Virgin Atlantic has been unlucky with its timing, but otherwise fortunate, in that a high visibility emergency evacuation of one of its Airbus A330-300s at London’s Gatwick Airport overnight only resulted in a reported total of 15 people suffering minor injuries.
The airline has denied initial reports that a fire in a rear cargo hold broke out in a flight carrying 312 passengers and crew to Orlando, Florida, and which returned for whatever reason to the airport almost two hours after it left.
The evacuation has been reported as orderly but did involve the deployment of some slides, and as is normal, slide evacuations often lead to broken limbs or fractures, and bring out the other side of cabin attendants, which is to get people out of an aircraft and away from it with urgency because of the risk of fire or explosion.
Gatwick is London’s 2nd largest airport after Heathrow, but has only one runway, which was closed for 90 minutes, causing many diversions, mostly to Stansted, London’s 3rd airport.
Virgin Atlantic is due to reveal its new Upper Class Business cabin this weekend, meaning the incident last night is going to be an unwelcome coincidence, even though the airline appears to have been exemplary in carrying out its safety obligations at Gatwick.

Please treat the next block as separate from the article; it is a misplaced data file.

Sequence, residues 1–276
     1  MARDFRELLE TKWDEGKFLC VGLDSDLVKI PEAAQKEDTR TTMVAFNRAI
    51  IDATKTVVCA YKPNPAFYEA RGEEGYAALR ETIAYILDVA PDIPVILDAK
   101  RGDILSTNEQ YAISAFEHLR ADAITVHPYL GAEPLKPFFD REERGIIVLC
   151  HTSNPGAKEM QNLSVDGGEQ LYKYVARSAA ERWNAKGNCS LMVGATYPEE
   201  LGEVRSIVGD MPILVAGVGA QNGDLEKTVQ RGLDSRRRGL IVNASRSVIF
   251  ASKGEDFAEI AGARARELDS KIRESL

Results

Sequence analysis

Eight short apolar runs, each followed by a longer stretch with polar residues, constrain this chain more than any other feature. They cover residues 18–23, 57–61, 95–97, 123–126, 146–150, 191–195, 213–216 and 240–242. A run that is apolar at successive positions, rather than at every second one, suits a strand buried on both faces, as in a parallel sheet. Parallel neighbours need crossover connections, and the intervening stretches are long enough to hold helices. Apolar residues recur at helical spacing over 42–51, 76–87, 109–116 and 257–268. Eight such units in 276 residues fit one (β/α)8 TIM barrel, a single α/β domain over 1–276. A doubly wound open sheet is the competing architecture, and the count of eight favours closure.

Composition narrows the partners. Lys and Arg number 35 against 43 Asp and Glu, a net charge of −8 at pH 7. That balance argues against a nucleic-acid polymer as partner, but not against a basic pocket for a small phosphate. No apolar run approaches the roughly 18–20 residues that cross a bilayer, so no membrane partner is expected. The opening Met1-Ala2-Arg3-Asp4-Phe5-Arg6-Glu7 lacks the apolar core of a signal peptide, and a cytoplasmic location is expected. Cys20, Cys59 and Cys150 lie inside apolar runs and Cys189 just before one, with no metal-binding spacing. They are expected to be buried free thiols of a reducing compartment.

This is the third high profile emergency evacuation in recent months, even though the Qantas QF32 A380 emergency at Singapore Airport in November 2010 is still in the public mind, and favourably, given the successful outcome in what was a very serious in-flight crisis caused by the disintegration of one of the giant jet’s engines shortly after takeoff.
In November a LOT Polish Boeing 767 made a spectacular but safe wheels up emergency landing at Warsaw Airport on a foam covered runway. Social media carried numerous graphic videos of the conduct of the emergency in flight, during the fiery slide down the runway, and of people diving through the exits.
In December a Cathay Pacific 747-400 was involved in an evacuation at Shanghai most notable for that fact that no shopping was left behind. It was, to be be fair, a less serious emergency than that experienced by LOT Polish or Virgin Atlantic.